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CSF Shunt Patency
Akiva Mintz, MD, PhD, MHA, CFA; Tejaswini Vasamsetty, MD
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KEY FACTS

  • Imaging

    • Top Differential Diagnoses

      TERMINOLOGY

      • Definitions

        • Cerebrospinal fluid (CSF) shunt: Surgically inserted drain that routes excess CSF in ventricles to a site where it is absorbed or collected
          • Proximal catheter is positioned in ventricular system
          • Reservoir with valve is located underneath scalp
          • Distal catheter ends in draining space
            • Ventriculoperitoneal (VP) shunt
              • Peritoneal cavity preferred since distal site has considerably better absorptive capacity and accessibility
            • Ventriculopleural (VPL) shunt
            • Ventriculoatrial (VA) shunt
        • Endoscopic 3rd ventriculostomy
          • New alternative to shunting
          • Small opening in floor of 3rd ventricle allows free flow of intraventricular CSF into subarachnoid space
          • Used in patients with uncomplicated noncommunicating hydrocephalus caused by aqueductal stenosis or space-occupying lesions
          • Low infection risk
          • Symptoms gradually resolve (weeks to months)

      IMAGING

      • Imaging Recommendations

        DIFFERENTIAL DIAGNOSIS

          CLINICAL ISSUES

          • Presentation

            Selected References

            1. Nigim F et al: Shunting for hydrocephalus: analysis of techniques and failure patterns. J Surg Res. 191(1):140-7, 2014
            2. Stone JJ et al: Revision rate of pediatric ventriculoperitoneal shunts after 15 years. J Neurosurg Pediatr. 11(1):15-9, 2013
            3. Gonda DD et al: Ventriculoperitoneal shunting versus endoscopic third ventriculostomy in the treatment of patients with hydrocephalus related to metastasis. Surg Neurol Int. 3:97, 2012
            4. Sivaganesan A et al: Neuroimaging of ventriculoperitoneal shunt complications in children. Pediatr Radiol. 42(9):1029-46, 2012
            5. Kharkar S et al: Radionuclide shunt patency study for evaluation of suspected ventriculoperitoneal shunt malfunction in adults with normal pressure hydrocephalus. Neurosurgery. 64(5):909-16; discussion 916-8, 2009
            6. Ouellette D et al: Additive value of nuclear medicine shuntograms to computed tomography for suspected cerebrospinal fluid shunt obstruction in the pediatric emergency department. Pediatr Emerg Care. 25(12):827-30, 2009
            7. Vernet O et al: Radionuclide shuntogram: adjunct to manage hydrocephalic patients. J Nucl Med. 37(3):406-10, 1996
            8. Estrada K: Notes on Nuclear Medicine Imaging (2008)
            Related Anatomy
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            Related Differential Diagnoses
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            References
            Tables

            Tables

            KEY FACTS

            • Imaging

              • Top Differential Diagnoses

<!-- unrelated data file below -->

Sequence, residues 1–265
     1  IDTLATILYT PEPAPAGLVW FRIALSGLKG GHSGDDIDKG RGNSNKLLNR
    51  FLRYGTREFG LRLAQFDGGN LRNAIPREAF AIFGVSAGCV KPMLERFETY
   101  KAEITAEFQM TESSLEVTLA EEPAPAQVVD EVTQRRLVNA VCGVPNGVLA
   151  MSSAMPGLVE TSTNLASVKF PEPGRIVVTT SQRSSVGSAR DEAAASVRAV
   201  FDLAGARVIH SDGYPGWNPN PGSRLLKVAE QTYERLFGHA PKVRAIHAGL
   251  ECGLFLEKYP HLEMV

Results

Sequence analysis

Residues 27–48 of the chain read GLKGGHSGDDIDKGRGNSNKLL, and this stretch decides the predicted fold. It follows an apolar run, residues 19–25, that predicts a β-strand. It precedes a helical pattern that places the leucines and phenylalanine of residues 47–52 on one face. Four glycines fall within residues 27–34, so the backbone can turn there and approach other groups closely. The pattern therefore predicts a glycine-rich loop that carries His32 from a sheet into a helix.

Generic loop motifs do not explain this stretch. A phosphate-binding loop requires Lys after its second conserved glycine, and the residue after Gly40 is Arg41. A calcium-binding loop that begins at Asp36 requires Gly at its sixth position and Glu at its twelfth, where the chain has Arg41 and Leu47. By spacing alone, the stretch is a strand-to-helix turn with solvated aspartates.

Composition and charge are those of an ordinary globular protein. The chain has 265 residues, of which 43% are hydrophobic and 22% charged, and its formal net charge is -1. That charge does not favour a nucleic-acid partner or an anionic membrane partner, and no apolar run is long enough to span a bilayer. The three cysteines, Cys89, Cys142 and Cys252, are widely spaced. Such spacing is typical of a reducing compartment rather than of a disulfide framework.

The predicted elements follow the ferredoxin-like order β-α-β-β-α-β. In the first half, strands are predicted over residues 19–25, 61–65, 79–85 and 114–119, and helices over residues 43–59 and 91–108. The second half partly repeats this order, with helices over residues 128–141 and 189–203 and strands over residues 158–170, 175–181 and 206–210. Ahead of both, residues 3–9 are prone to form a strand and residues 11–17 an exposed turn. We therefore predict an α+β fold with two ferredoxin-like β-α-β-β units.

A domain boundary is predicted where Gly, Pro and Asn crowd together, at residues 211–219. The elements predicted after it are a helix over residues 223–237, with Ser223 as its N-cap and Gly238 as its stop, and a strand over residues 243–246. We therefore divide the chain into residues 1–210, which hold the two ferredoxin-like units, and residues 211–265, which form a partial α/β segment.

TERMINOLOGY

                • Definitions

                  • Cerebrospinal fluid (CSF) shunt: Surgically inserted drain that routes excess CSF in ventricles to a site where it is absorbed or collected
                    • Proximal catheter is positioned in ventricular system
                    • Reservoir with valve is located underneath scalp
                    • Distal catheter ends in draining space
                      • Ventriculoperitoneal (VP) shunt
                        • Peritoneal cavity preferred since distal site has considerably better absorptive capacity and accessibility
                      • Ventriculopleural (VPL) shunt
                      • Ventriculoatrial (VA) shunt
                  • Endoscopic 3rd ventriculostomy
                    • New alternative to shunting
                    • Small opening in floor of 3rd ventricle allows free flow of intraventricular CSF into subarachnoid space
                    • Used in patients with uncomplicated noncommunicating hydrocephalus caused by aqueductal stenosis or space-occupying lesions
                    • Low infection risk
                    • Symptoms gradually resolve (weeks to months)

                IMAGING

                • Imaging Recommendations

                  DIFFERENTIAL DIAGNOSIS

                    CLINICAL ISSUES

                    • Presentation

                      Selected References

                      1. Nigim F et al: Shunting for hydrocephalus: analysis of techniques and failure patterns. J Surg Res. 191(1):140-7, 2014
                      2. Stone JJ et al: Revision rate of pediatric ventriculoperitoneal shunts after 15 years. J Neurosurg Pediatr. 11(1):15-9, 2013
                      3. Gonda DD et al: Ventriculoperitoneal shunting versus endoscopic third ventriculostomy in the treatment of patients with hydrocephalus related to metastasis. Surg Neurol Int. 3:97, 2012
                      4. Sivaganesan A et al: Neuroimaging of ventriculoperitoneal shunt complications in children. Pediatr Radiol. 42(9):1029-46, 2012
                      5. Kharkar S et al: Radionuclide shunt patency study for evaluation of suspected ventriculoperitoneal shunt malfunction in adults with normal pressure hydrocephalus. Neurosurgery. 64(5):909-16; discussion 916-8, 2009
                      6. Ouellette D et al: Additive value of nuclear medicine shuntograms to computed tomography for suspected cerebrospinal fluid shunt obstruction in the pediatric emergency department. Pediatr Emerg Care. 25(12):827-30, 2009
                      7. Vernet O et al: Radionuclide shuntogram: adjunct to manage hydrocephalic patients. J Nucl Med. 37(3):406-10, 1996
                      8. Estrada K: Notes on Nuclear Medicine Imaging (2008)